Speech-97-10: Chairman Jackson at the Harvard Foundation's Fourth Annual Conference
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"A PARTICULAR PASSION: SCIENCE-BASED CAREERS
IN THE TWENTY-FIRST CENTURY"
Dr. Shirley Ann Jackson
Chairman, U.S. Nuclear Regulatory Commission
The Harvard Foundation's Fourth Annual Conference
American Minorities in Science, Engineering and Mathematics
in the Twenty-First Century
April 4, 1997
I am deeply appreciative of the recognition that you have bestowed on me today. I would like to express my deepest thanks to the Harvard Foundation, and its distinguished Director, Dr. S. Allen Counter; to the Harvard Society of Black Scientists and Engineers; to Hispanics in Medicine, Engineering and Informational Sciences; and to Women in Science at Harvard-Radcliffe. It is also a great pleasure to participate in a conference dedicated to a purpose close to my heart: namely, increasing the participation of women and minorities in science, engineering, and mathematics. To see you, and to interact with you, is particularly gratifying given the recent College Fund report (Washington Post, 2/27/97, p. A22) on the status of African-Americans in American higher education. That report, in addition to revealing a huge gender gap in college attendance and college graduation among African-Americans, shows how much African-Americans lag the majority in receipt of bachelor's degrees (21% white for ages 25-60 vs 14% Black). In addition, the choice of studies for African-Americans is not in the sciences. At the graduate level, Black men tend to study education and Black women tend to concentrate in public administration. Only three percent of the recipients of doctorates are Black, and only five percent of university faculties are Black. It goes without saying then that I am very pleased -- as a physicist, an African-American, an MIT alumna and MIT Life Trustee -- to be here with you this afternoon.
Let me interject at this point that while many of my comments will refer to African-Americans, I believe that they have relevance to other minority groups as well. Lest there be any misunderstanding, my interest is, by no means, in the advancement only of African-Americans; rather, it is in seeing that all of the historically disadvantaged minorities in this society receive a truly equal chance at educational, professional, and personal fulfillment.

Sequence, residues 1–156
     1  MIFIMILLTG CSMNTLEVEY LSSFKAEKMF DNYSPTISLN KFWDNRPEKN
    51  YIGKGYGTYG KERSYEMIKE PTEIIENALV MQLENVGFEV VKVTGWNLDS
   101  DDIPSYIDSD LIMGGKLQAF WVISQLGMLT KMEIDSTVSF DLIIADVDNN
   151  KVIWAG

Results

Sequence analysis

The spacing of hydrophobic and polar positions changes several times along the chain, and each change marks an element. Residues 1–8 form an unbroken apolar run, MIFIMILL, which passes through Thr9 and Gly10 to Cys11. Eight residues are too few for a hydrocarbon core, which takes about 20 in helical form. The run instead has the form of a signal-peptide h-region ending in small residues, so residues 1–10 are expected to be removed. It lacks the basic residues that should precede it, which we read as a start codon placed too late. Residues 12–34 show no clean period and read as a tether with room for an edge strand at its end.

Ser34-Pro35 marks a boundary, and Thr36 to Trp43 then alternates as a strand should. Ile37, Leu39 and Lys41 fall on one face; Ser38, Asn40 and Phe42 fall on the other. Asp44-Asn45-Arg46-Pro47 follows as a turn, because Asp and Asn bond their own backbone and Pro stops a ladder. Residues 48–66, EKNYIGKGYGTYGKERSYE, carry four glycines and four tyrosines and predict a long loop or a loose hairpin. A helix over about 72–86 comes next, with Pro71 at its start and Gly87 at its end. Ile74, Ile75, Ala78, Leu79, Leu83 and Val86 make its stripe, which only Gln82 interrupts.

As Dr. Counter has told you, I am an MIT graduate, and when I was at the "Institute," I must admit, we MIT students had a certain ambivalence about Harvard and Radcliffe. It was almost an article of faith for us that while we were tooling away, day and night, in the lab or in the library, those happy-go-lucky students up the street had nothing better to do with their time than row boats, throw frisbees, and loll in the sun on the banks of the Charles.
Perhaps we exaggerated just a bit.
Actually, in our heart of hearts we knew that Harvard and Radcliffe were marvelous institutions, and those of us who cared about such things knew that they also had begun to take very seriously the need to encourage diversity in their student bodies. Those were the years, for example, in which President Bunting of Radcliffe was making a determined effort to increase the number of African-American applicants. In just six or seven years, the percentage of African-Americans in the Radcliffe entering class went from about one percent to almost ten percent. It is also a matter of record that when it came to awarding doctorates to African-American women, Radcliffe, which conferred a Ph.D. on Eva Dykes in 1921, was 52 years ahead of MIT. The Harvard Foundation, I know, owes its existence to Harvard's recognition, in the era of President Bok, that inclusion of people from across the whole spectrum of society, is the path that must be followed, both for a great university and for society as a whole.
The years that I was an undergraduate in Cambridge -- 1964 to 1968 -- were tumultuous, sometimes triumphant, and all too often tragic. I arrived here at the end of what the history books recount as the "Freedom Summer," when the Civil Rights Act of 1964 became law. Hundreds of volunteers of all races went to Mississippi to help African-Americans, who had been disenfranchised all their lives, register to vote for the first time. Not all of those volunteers went home alive. The spring of 1968, of course, was when the Reverend Dr. Martin Luther King, Jr., was assassinated. I remember well how that news shook the members of the MIT African-American community -- all nine or ten of us, out of a student body of 8,000. The murder of Robert F. Kennedy took place the week I graduated.